Thus we may know that there are five essentials for victory: He will win who knows when to fight and when not to fight.  He will win who knows how to handle both superior and inferior forces.  He will win whose army is animated by the same spirit throughout its ranks. He will win who, prepared himself, waits to take the enemy unprepared.  He will win who has military capacity and is not interfered with by the sovereign.

Item one especially.  This comes again to the issue of knowing when and where to best spend your energies.

Hence the saying: If you know the enemy and know yourself, you need not fear the result of a hundred battles.  If you know yourself, but not the enemy, for every victory gained you will also suffer a defeat.  If you know neither the enemy nor yourself, you will succumb in every battle.

As an author of the inventory of anti-sex worker activists, I obviously support gaining a better understanding of exactly who we are up against.  These are dangerous and often powerful assholes, but they are still people with strengths and weaknesses like anyone else.  Knowing their motivations, histories, and alliances is vital to our work.  On the flip side, knowing our own issues inside and out, including our vulnerabilities, is also vital.

Security against defeat implies defensive tactics; ability to defeat the enemy means taking the offensive.

Almost all sex worker activism in the US revolves around creating art, navel-gazing about "the true" meaning of feminism, and community/subculture-building.  There's very little being done to take the offensive position.  It's important to have projects that proactively get our message out there, educate people, and tackle portions of the criminal code, rather than resigning ourselves to reacting to situations like the murders of sex workers, bad laws being passed, or media campaigns from religious groups with deep pockets.

How to be more proactive is one of my top concerns.  Since public education is the area where we're the weakest, and we need public support in order to make political gains, I do my best to make sex work issues accessible and relevant to as many members of the general population as possible.  If I had actual funding for this, I'd love to do even more with public education, but since there's been little financial support, SWAAY's public outreach campaign at something of a standstill.  I don't have the the luxury to make SWAAY both my unpaid part-time job and spend lots of money on it out of my own pocket.  (I'm still something like $2500 in the hole for what I've spent on SWAAY related expenses.)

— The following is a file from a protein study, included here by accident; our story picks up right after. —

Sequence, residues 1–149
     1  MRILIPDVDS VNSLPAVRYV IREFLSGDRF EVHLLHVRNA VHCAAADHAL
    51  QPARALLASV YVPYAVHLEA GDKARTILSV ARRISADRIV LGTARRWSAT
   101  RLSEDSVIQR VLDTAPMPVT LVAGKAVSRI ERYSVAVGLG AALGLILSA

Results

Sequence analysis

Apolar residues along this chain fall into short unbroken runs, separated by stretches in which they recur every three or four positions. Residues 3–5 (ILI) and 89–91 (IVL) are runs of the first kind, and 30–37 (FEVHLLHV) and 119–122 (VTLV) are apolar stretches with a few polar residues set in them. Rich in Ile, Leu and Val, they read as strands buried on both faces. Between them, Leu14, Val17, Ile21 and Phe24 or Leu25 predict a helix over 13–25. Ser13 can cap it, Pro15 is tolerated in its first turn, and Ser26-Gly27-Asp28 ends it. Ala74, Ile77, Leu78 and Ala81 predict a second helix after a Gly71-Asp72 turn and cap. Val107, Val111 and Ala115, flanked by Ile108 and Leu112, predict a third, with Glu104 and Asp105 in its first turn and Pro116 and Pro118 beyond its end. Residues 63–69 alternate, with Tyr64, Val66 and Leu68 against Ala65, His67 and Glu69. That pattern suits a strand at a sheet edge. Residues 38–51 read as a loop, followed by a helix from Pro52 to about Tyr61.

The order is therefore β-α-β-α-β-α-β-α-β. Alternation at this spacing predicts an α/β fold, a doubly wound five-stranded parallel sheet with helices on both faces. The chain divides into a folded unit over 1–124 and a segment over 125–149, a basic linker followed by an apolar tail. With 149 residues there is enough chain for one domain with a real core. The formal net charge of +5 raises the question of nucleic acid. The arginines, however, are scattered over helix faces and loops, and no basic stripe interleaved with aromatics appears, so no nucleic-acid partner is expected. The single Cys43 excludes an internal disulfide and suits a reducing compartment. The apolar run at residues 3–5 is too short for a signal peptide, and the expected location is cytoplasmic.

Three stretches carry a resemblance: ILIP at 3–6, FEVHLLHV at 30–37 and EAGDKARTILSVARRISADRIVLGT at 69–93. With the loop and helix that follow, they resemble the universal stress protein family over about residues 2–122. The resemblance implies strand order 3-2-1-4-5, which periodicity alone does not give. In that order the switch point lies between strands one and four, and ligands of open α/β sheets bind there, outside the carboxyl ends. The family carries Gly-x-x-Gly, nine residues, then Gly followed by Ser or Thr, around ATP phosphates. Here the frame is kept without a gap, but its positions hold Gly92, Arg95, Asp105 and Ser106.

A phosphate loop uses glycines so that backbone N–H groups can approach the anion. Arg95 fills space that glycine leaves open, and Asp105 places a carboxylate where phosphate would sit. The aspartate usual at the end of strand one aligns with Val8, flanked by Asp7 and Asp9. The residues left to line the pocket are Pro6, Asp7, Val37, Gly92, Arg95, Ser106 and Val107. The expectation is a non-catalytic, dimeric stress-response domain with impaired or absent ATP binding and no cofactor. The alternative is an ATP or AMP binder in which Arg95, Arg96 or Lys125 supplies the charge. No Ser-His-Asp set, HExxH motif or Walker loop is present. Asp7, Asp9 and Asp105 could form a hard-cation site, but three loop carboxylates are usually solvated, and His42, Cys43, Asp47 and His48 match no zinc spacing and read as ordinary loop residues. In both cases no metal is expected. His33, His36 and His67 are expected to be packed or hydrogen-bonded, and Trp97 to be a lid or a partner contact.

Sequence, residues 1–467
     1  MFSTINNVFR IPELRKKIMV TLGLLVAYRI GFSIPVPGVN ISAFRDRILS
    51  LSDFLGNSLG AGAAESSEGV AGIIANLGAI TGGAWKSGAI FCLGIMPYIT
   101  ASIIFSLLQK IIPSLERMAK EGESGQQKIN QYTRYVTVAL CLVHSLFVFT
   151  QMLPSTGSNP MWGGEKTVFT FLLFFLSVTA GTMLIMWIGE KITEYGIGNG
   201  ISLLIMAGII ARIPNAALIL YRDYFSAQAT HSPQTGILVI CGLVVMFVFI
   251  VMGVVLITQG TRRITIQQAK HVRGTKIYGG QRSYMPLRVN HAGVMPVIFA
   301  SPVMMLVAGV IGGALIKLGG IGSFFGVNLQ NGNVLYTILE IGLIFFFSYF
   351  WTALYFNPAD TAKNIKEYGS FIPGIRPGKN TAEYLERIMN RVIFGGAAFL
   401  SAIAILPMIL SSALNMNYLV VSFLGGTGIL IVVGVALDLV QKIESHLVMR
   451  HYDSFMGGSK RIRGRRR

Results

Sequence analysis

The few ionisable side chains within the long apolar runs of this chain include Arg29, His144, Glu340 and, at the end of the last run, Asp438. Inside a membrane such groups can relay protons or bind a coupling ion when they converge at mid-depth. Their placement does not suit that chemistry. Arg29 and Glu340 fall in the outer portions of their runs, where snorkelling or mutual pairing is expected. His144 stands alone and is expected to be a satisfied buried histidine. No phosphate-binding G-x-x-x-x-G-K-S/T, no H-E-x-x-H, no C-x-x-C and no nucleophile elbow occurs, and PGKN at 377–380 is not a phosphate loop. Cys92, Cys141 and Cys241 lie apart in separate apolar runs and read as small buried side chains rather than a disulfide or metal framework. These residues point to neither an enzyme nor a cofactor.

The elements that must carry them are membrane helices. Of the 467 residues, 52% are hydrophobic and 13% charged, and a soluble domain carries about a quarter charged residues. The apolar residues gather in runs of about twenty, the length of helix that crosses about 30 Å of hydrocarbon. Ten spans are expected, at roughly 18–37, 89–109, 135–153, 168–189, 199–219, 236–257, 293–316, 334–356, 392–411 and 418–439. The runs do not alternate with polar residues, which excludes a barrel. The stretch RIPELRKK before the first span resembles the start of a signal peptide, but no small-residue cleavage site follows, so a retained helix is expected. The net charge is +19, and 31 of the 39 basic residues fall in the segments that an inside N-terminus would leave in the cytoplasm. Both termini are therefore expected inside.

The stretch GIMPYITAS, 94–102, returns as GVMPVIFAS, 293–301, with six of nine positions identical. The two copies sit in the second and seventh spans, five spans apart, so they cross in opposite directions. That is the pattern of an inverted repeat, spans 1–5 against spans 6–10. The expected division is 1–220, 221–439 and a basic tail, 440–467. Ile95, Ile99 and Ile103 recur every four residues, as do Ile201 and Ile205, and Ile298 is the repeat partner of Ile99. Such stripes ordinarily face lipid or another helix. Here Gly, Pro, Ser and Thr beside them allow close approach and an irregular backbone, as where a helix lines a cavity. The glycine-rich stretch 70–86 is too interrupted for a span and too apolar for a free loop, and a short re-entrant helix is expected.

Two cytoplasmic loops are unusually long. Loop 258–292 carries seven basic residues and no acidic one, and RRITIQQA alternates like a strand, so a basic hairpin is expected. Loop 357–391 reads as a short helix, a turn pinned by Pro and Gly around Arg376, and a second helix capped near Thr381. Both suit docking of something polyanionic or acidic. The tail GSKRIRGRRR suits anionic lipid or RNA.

We can form a single united body, while the enemy must be split up into fractions.  Hence there will be a whole pitted against separate parts of a whole, which means we shall be many to the enemy's few.

I'd love to see sex workers, on a national level, come together around more projects.  The only thing that seems to unite American sex workers' rights activists is a love of pretentiously opining about "what does feminism mean, and does it mean something meaningful for us feminists who crave meaning?" nonsense.  Imagine all that could be accomplished if those countless thousands of hours were spent on something that mattered.

He who exercises no forethought but makes light of his opponents is sure to be captured by them.

While anti-sex worker activists are often absolute nutjobs, that doesn't mean they're not also very cunning.  At the 2010 Desiree Alliance conference, Nina Hartley made a great comment in her keynote, which I believe was phrased, "I don't think of them as prudes, I think of them as predators."  Don't let their absurd ideas and conservative backwardness lull you into thinking they're easy to beat or not excellent strategists.

If we know that the enemy is open to attack, but are unaware that our own men are not in a condition to attack, we have gone only halfway towards victory.

For me, the recent Google campaign is a great example of this.  I spent two weeks working full time on that to make it happen, ignoring all of my other responsibilities for half a month. It was a campaign that had a good chance of seeing success, but no matter how hard I was pushing, it just didn't catch on.  SWOP Bay Area and SWOP LA joined in, which was so awesome, but after lots of begging and pleading, I couldn't get any other cities to spend even one hour at a protest I'd pre-packaged for them.